Canadian oil sands producer MEG Energy has revised its full-year 2021 average production guidance, based on improved production performance in the first half of the year, its top executive said July 23.
아직 가입하지 않으셨나요?
일일 이메일 알림과 구독자 노트를 받고 이용 경험을 내게 맞게 설정하세요.지금 가입하세요
The company now expects 2021 production to average to 91,000 b/d-93,000 b/d, up from 86,000 b/d-90,000 b/d earlier in the year, CEO Derek Evans said during a second-quarter earnings conference call.
"We benefited from both the strength in the global oil market dynamic as well as the structural invented heavy oil differentials," Evans said. "We remain very constructive that these changes will persevere and that the headwinds we've battled over the last six years with respect to egress and weakness in oil prices will abate and become tailwinds that will continue to drive significant free cash flow from our low decline, low-cost asset base."
On the operational front, the work needed to bring the company's Christina Lake facility back up to full capacity next year continues. Proceeds of $44 million received from the Q2 sale of non-core industrial lands near Edmonton, Alberta, plus more than $150 million of cash generated in first-half 2021, will provide most of funding needed to fully utilize the 100,000 b/d of oil processing capacity at Christina Lake's central plant, Evans said.
Funding reduced for Christina Lake
That work will require $125 million of funds, a lower amount than the $150 million that MEG previously estimated. The lower sum is the result of field-wide production outperformances from increased steam utilization, improved field reliability and ongoing well optimization and recompletion work. In turn, these are responsible for the increased 2021 average output guidance.
Asked if the 100,000 b/d of capacity could be tweaked a little higher, given the producer has already debottlenecked its operation to achieve higher production to date at the facility, Evans said it all depends whether the company can get full utilization of all the steam being created from the field.
Another factor in reaping higher production would be assuring the field can operate "as close to 100% reliability and availability as possibly we can," he said.
"Then there's a significant component to our production outperformance that we've seen year to date, which really is continued work on the downhole or subsurface side of the business where we're seeing significant improvements and some exciting technological innovation," he added.
MEG averaged 91,803 b/d of bitumen production in Q2, up about 1% from Q21 2021. Volumes have been fairly steady this year, up from a quarterly low of 71,500 b/d low in Q3 2020 during the coronavirus pandemic.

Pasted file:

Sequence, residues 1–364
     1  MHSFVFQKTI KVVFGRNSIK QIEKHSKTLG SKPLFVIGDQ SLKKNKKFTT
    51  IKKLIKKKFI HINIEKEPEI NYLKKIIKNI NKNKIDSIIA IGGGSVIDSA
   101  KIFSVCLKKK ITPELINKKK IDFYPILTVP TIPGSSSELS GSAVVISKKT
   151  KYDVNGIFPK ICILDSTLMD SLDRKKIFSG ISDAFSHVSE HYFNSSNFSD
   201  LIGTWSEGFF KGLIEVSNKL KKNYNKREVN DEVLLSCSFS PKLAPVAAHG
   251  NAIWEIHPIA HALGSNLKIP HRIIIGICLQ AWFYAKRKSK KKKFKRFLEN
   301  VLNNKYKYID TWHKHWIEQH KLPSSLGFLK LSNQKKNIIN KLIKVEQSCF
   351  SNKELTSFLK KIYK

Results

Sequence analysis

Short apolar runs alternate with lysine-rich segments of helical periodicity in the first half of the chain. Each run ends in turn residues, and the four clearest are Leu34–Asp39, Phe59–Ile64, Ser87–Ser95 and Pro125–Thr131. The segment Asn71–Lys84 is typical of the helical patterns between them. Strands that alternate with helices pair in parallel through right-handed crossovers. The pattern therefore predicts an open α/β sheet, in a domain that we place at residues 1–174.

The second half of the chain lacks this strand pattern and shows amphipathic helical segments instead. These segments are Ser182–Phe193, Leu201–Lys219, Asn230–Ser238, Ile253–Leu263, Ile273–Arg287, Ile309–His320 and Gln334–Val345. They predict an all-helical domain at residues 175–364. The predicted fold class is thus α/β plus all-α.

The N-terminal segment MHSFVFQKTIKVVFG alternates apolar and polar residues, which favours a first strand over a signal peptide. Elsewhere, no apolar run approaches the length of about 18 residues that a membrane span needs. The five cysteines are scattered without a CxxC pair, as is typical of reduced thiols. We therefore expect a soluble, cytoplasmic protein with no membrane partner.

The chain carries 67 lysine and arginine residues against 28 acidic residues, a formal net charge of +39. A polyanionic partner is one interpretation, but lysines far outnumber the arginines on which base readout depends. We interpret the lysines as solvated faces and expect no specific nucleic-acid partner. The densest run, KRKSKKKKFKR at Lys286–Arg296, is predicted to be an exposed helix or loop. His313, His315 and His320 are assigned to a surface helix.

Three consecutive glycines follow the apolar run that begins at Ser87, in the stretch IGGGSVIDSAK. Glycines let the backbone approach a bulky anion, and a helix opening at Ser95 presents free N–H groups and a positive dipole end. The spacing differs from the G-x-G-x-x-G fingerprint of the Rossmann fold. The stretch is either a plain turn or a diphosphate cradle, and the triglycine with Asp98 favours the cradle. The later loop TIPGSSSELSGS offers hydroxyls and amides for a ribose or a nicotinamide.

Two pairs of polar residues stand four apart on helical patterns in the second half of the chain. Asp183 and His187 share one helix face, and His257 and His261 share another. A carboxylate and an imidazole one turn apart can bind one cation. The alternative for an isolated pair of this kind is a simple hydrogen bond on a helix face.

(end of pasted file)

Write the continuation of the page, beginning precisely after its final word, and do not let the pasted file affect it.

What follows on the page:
Higher AWB, bitumen prices
MEG realized an average AWB blend sales price of US $56.41/b in Q2 2021, compared to US $48.39/b in Q1. The increase stems from an $8.23/b increase in the average WTI price.
In addition, the company's bitumen realization averaged $60.09/ b in Q2 2021, versus $52.34/b in Q1 2021. The jump in realization was due higher WTI prices quarter over quarter.
Also in Q2, MEG sold 45% of its sales volumes into the US Gulf Coast market, which offers premium prices, compared to 38% in Q1 2021.
Looking forward, the company's Chief Financial Officer Eric Lloyd Toews said MEG's "current intention" is not to hedge 2022 benchmark WTI prices, given differentials for WCS versus WTI in the $13/b-$14/b range next year. That is also the recent range.
For August 2021, "we saw a 54% apportionment on the [Enbridge] mainline ... as far as we know, a record apportionment," Toews said.
Interestingly, inventories in Western Canada declined in May from 38 million barrels to 35 million barrels, while rail is running less than 100,000 b/d, he said. And the post-apportionment market in August is roughly minus $2/b off the index, "which is at the low end of the historical range of our pricing."
Pricing in Edmonton versus the US Gulf Coast is still within pipeline economics, he added.
"As we move through this year, we start to see differentials for the back end of this year at about $13.50/b-$14/b," said Toews. "Then as we go into next year with Line 3 coming on in Q4, which is our expectation ... we should see differentials tighten against what we're seeing for the back end of this year -- maybe gap up a little, $1 or $1.25 on the back of that. So net-net, we still see differentials in 2022 in that sort of $13/b to $14/b range."